During a month in which the group has attacked hard targets in Cameroon, as well as orchestrated the slaughter of up to 2,000 civilians, international media outlets have largely focused on recent terror attacks in Paris. The carnage wrought by Boko Haram in the Belgium-sized swath of territory it now controls in the northeastern states of oil-rich Nigeria was designed to get attention.

Much to Shekau’s dismay, however, it hasn’t been enough.

“I’m turning this country into a fucking Lars Von Trier film,” Shekau told Duffel Blog via Facebook chat. “I’ve literally stolen hundreds of kids from their parents and sold them into slavery, and all I got was a Twitter hashtag from Michelle Obama.”

That is top quality satire.  I’d like to wrap this segment up with an email discussion I had with the friend who first put me on to that excellent DuffleBlog piece:

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A video and a cartoon that succinctly describe jihad’s twin attacks on Free Speech and on Jews

[The video may take a few seconds to load.]

Jews killed over freedom of existence

And as an added bonus, a quotation from Richard Fernandez:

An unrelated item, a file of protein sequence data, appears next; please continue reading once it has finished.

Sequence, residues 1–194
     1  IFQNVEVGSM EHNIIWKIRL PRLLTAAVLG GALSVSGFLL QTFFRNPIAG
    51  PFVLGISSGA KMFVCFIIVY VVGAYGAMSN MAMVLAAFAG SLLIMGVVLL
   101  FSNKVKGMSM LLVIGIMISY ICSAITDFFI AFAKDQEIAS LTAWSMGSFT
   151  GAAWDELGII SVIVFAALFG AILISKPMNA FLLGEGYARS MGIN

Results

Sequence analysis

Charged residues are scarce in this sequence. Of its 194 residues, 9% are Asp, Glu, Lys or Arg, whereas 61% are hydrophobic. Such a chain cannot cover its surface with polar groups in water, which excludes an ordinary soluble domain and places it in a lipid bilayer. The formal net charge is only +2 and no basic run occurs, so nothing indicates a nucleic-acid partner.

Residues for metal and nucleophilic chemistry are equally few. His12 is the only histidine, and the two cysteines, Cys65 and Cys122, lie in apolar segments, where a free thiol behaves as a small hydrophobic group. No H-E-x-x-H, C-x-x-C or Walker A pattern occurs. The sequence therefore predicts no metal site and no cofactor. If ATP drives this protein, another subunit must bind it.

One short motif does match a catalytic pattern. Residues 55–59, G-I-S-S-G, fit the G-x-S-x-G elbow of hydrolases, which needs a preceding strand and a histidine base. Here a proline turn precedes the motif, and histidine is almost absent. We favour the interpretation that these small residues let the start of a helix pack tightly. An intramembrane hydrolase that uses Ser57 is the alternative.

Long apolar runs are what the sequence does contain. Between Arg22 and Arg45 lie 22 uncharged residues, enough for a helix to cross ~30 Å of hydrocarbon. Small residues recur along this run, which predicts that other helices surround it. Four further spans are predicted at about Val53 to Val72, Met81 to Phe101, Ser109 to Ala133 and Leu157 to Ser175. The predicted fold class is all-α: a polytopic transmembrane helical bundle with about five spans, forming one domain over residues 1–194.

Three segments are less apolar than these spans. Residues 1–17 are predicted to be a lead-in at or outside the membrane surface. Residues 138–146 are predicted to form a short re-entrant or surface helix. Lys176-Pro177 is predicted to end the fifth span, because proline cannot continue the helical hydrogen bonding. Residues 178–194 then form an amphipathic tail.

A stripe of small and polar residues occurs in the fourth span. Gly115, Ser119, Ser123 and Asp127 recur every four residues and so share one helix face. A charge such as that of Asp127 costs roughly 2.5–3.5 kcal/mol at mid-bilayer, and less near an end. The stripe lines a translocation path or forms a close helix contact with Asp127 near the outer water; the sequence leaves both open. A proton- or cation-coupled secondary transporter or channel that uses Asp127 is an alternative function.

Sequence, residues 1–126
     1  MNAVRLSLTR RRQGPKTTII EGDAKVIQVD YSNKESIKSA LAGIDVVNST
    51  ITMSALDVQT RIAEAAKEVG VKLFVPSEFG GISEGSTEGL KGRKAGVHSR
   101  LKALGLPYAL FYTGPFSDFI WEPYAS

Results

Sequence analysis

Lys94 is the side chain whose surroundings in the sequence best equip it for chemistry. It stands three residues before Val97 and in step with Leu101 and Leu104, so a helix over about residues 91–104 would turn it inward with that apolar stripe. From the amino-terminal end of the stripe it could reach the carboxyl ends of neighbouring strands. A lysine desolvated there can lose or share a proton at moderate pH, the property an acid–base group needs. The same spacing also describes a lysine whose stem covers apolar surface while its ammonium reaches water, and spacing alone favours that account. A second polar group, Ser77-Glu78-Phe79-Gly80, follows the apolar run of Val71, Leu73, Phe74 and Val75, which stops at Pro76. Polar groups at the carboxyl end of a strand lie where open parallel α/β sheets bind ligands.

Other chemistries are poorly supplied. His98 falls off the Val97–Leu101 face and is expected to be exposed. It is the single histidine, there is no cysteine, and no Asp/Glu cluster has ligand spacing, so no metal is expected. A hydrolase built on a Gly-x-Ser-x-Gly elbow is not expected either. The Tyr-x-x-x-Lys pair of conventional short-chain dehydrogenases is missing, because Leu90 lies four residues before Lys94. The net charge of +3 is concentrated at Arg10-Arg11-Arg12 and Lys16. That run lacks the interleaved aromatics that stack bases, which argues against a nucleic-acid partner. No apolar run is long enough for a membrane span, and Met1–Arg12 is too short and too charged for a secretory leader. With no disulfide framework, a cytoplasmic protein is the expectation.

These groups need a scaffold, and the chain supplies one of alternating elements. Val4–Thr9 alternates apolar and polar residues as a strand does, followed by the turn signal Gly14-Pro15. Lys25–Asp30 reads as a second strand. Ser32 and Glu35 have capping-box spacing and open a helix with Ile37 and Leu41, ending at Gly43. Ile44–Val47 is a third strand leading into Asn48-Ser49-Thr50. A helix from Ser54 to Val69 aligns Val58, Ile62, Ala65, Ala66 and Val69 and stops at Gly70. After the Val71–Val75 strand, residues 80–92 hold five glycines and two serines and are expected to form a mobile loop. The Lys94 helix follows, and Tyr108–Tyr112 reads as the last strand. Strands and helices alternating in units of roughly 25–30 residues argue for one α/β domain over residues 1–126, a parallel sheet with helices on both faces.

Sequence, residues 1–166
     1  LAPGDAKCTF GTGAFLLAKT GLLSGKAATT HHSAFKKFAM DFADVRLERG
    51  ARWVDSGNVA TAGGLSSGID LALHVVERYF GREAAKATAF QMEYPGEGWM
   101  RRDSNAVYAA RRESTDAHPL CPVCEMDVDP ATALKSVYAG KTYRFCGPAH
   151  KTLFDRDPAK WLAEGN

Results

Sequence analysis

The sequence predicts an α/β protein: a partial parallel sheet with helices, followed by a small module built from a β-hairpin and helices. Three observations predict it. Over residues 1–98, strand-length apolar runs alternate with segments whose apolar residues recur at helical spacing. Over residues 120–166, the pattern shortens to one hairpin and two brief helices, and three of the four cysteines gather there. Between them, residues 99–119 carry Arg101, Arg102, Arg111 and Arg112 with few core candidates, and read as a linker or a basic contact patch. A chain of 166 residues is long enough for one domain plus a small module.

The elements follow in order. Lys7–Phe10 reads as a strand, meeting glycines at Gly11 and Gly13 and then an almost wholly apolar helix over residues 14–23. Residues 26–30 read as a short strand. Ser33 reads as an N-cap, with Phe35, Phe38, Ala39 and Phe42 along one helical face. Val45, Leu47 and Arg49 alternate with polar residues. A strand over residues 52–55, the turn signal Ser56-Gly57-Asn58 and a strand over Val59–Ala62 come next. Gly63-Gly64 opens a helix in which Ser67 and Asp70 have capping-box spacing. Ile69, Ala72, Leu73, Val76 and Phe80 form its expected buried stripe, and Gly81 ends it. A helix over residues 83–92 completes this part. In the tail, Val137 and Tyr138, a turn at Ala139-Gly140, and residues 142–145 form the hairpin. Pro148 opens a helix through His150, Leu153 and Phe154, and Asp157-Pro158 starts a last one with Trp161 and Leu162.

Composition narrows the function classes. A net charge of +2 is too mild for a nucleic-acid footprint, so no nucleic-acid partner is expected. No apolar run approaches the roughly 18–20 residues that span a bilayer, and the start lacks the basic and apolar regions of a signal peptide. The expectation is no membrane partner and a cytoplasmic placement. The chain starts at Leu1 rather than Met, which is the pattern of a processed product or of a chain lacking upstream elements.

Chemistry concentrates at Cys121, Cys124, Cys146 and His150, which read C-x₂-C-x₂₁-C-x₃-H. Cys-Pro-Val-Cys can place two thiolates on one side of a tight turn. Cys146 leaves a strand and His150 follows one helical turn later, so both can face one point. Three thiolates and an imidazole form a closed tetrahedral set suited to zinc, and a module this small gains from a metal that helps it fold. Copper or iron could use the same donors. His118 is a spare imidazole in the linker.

The two suspects cornered in a building are sending a message with their unyielding violence that the political establishment has failed to understand. Multiculturalism is dead. Not because the Europeans have rejected it, but because the Muslims have. A friend of mine asked “is this all our mighty civilization has come to? Candles, flowers and hashtags?”

“For some,” I answered, “that would be bingo, bingo and bingo.”

Apropos the video, I found it through a young Marine friend of mine — not Jewish — who now subscribes to all sorts of Israel lists as he tries to rally his friends to the cause of liberty. Two years ago, he wouldn’t have cared. Now he does. That’s one more person the side of angels.